Considering the price of an actual camera, IR conversions are fairly affordable, ranging between $200-$400. However, since an IR camera can be used for only limited uses, it’s still a high price if you’re an amateur photographer on a budget. If you want an IR effect with the conversion cost, consider buying a used Hoya R72 infrared filter to use on your regular camera.
Yes. An IR conversion is pretty much irreversible, as it removes a filter that came with your camera. If you’re not sure about infrared photography, you can always find a cheap Hoya R72 infrared filter to get an otherworldly effect without the cost or commitment of a full conversion.
You can buy an infrared camera, also called a thermal camera, for as little as a couple hundred bucks or as high as several thousand for professional or military grade.
|Advantages of Infrared Photography||Advantages of Full Spectrum Photography||Advantages of General Photography with An Unconverted Camera|
|High-contrast images result in stark black and white photos||UV capability makes it a great option for Astrophotography||Quicker process|
|Editing can create surreal artificial color effects with high contrast||Flexibility of having any light spectrum, from normal to ultraviolet or infrared||An infrared filter such as the Hoya R72 is still a budget option that will give you an infrared camera effect without an expensive conversion|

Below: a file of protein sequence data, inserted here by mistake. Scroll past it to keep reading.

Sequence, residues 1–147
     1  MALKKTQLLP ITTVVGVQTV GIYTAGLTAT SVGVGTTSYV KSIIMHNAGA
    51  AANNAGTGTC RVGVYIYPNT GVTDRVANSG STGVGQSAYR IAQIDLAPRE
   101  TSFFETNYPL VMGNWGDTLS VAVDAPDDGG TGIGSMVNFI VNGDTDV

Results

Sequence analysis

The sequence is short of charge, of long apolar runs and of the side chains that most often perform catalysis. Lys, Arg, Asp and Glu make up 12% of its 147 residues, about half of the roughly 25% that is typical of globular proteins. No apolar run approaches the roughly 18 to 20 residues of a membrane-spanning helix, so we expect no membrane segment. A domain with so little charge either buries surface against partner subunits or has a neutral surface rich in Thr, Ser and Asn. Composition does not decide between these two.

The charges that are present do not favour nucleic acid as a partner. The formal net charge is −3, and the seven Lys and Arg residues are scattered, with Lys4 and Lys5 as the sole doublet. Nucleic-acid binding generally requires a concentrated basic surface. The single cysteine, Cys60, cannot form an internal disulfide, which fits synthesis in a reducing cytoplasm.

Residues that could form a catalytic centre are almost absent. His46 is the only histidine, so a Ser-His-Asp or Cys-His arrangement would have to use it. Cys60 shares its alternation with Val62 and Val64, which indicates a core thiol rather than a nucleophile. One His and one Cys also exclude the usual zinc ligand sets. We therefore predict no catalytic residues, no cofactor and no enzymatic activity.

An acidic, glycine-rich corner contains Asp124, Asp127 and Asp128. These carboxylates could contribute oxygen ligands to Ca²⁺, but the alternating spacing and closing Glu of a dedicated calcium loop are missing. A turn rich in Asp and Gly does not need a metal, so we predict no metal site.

|Captures wavelengths that are invisible to the human eye||Features all the advantages of infrared and general photography||Better for taking pictures of people and animals without paying for a conversion|
Infrared is a favorite for photographers who want a fantasy or surreal aesthetic, but an infrared conversion can be a costly and semi-permanent procedure. If you’re unsure of whether infrared is the right choice for you, it might behoove you to invest in a cheaper Hoya R72 infrared lens to test out infrared photography on your normal camera before diving into a conversion. If you do decide to convert your camera, expect to pay between $200 and $400 to get the job done.
Featured Image Credit: PongMoji, Shutterstock
Table of Contents
Brooke Bundy is a freelance writer who lives with three cats and a dog. She attended the University of North Georgia where she acquired a B.S. in Media Studies. Booke loves storytelling and spending time with her pets at their house in New Orleans, Louisiana. In her free time, she enjoys gardening, cooking, and brewing coffee.
How Many Moons Does Saturn Have? The Interesting Answer!
What Is Satellite Imaging? How Does It Work?
How Do CO2 Lasers Work? What to Know!
How to Photograph Real Estate: 6 Tips and Tricks
Can a Laser Pointer Reach the Moon? The Surprising Answer!
Eurasian Nuthatch: Field Guide, Pictures, Habitat & Info
What Is Motion Blur & How Do I Use It? Photography Basics Explained
What Are Fiber Optics & How Do They Work?